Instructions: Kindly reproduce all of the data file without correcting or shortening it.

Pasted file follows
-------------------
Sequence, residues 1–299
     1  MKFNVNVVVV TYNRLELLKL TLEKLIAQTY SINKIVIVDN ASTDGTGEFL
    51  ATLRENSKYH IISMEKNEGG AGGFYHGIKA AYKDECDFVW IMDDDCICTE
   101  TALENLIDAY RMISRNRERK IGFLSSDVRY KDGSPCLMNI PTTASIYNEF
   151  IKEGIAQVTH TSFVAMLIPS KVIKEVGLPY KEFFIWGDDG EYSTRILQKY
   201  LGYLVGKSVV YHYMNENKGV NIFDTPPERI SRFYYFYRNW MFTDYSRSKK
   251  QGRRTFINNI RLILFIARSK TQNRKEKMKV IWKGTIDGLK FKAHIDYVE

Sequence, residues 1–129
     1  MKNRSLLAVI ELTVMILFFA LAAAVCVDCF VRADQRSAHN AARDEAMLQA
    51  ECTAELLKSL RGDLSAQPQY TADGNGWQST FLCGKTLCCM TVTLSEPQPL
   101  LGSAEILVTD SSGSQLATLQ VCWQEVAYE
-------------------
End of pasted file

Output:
Sequence, residues 1–299
     1  MKFNVNVVVV TYNRLELLKL TLEKLIAQTY SINKIVIVDN ASTDGTGEFL
    51  ATLRENSKYH IISMEKNEGG AGGFYHGIKA AYKDECDFVW IMDDDCICTE
   101  TALENLIDAY RMISRNRERK IGFLSSDVRY KDGSPCLMNI PTTASIYNEF
   151  IKEGIAQVTH TSFVAMLIPS KVIKEVGLPY KEFFIWGDDG EYSTRILQKY
   201  LGYLVGKSVV YHYMNENKGV NIFDTPPERI SRFYYFYRNW MFTDYSRSKK
   251  QGRRTFINNI RLILFIARSK TQNRKEKMKV IWKGTIDGLK FKAHIDYVE

Sequence, residues 1–129
     1  MKNRSLLAVI ELTVMILFFA LAAAVCVDCF VRADQRSAHN AARDEAMLQA
    51  ECTAELLKSL RGDLSAQPQY TADGNGWQST FLCGKTLCCM TVTLSEPQPL
   101  LGSAEILVTD SSGSQLATLQ VCWQEVAYE